From Songwriting Greats to New Artists, Kerrville Folk Festival Champions Multigenerational Folk Excellence

Drag performer/singer-songwriter Flamy Grant returns to the main stage after last year’s New Folk Competition win

Drag performer/singer-songwriter Flamy Grant returns to the main stage after a New Folk Competition win in 2023 (photo by Ash Perlberg)

Calling all fingerpick fanatics and Americana addicts – Kerrville Folk Festival is back for its 52nd sweat-filled summer. Only growing sweeter since celebrating its golden jubilee, the songwriting celebration strikes a chord between freaky and family-friendly.

Well-known as a hub for guitar-wielding greats, this year’s headliners include blues virtuoso Sue Foley, outlaw country OG Ray Wylie Hubbard, and genre-busting troubadour Alejandro Escovedo. Preferring a lenient attitude toward its titular genre, the festival welcomes lyricists of all varieties, from R&B good-timers Sir Woman to queerdo Adeem the Artist.

With options for tent camping and RV sleepers, the 18-day festival kicks off May 23 and runs through June 9, with ticketing options ranging from single-day to full-fest passes.

Aside from celebrating established artists, the grounds at Quiet Valley Ranch act as a coveted jumping-off point for new talent. Since Kerrville’s earliest iterations, the Grassy Hill New Folk Competition has provided up-and-coming artists with an opportunity to impress the festival’s famously attentive audiences. Former finalists of the contest include hall-of-famers like Nanci Griffith and Lyle Lovett, while Robert Earl Keen and Hal Ketchum hold past winner’s titles.

Returning to this year’s event after bagging a 2023 New Folk winning distinction, Asheville-born drag queen/singer-songwriter Flamy Grant stands as a testament to Kerrville’s eye for budding folk excellence. Combining the contemporary Christian stylings of namesake Amy Grant with out-and-proud queer penmanship, the songwriter’s 2023 arrival at the festival coincided with the cold-blooded onslaught of anti-drag and anti-trans legislation in Texas.

Keeping with the inclusive Kerrville spirit, the festival’s audiences welcomed the queen with open arms. “I had never been to Kerrville, and it was a really cool, magical experience to be able to bring all of that down there and see how it resonated with people,” Flamy says.

The performer especially treasured the camaraderie found within the New Folk competition, in which 23 finalists select two original songs to perform for a group of all-star judges and a live audience.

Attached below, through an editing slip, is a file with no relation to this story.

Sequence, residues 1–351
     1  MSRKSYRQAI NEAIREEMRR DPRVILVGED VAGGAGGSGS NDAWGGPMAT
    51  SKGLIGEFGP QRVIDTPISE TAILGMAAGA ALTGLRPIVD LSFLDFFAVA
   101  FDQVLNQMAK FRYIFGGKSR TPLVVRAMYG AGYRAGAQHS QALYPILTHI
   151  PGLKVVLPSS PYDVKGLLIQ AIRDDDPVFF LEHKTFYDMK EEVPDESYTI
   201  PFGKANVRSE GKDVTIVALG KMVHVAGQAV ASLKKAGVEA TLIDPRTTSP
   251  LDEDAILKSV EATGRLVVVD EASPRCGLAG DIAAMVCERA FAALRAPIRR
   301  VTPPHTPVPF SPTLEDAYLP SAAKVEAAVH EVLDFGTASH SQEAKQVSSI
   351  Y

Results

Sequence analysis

“I described it as falling in love 23 times,” she remembers. “You’re hearing everyone sing the two songs they chose to submit to this songwriting competition, so it’s really personal, really good stuff.”

For her Grassy Hill showcase, Grant offered “Esther, Ruth, and Rahab,” a fiery acoustic ode to misunderstood biblical heroines, off 2022 album Bible Belt Baby. Upon the track’s triumphant closing lines (“So it’s a good thing when a girl learns how to fly/ And that’s one truth from the Bible I’ll hold on to ’til I die”), her audience burst into a rapturous standing ovation.

Of Kerrville concertgoers, she offers: “It doesn’t get much better. Those people are here for the songs – in a lot of ways, they’re not even there for the artist. There are more recognizable names, but then there were plenty of names that were, at least, brand-new to me, but whoever was onstage had the undivided attention of people attending.”

Grant returns to Kerrville for an upgraded main-stage performance on Friday, May 24, sharing a bill with Canadian journeyman Scott Cook, veteran blues luminary Ruthie Foster, and Turnpike Troubadours multi-instrumentalist John Fullbright. Catch this year’s Grassy Hill finalist showcase on Saturday and Sunday for a glimpse into the future of folk.

Kerrville Folk Festival

May 23-June 9, Kerrville

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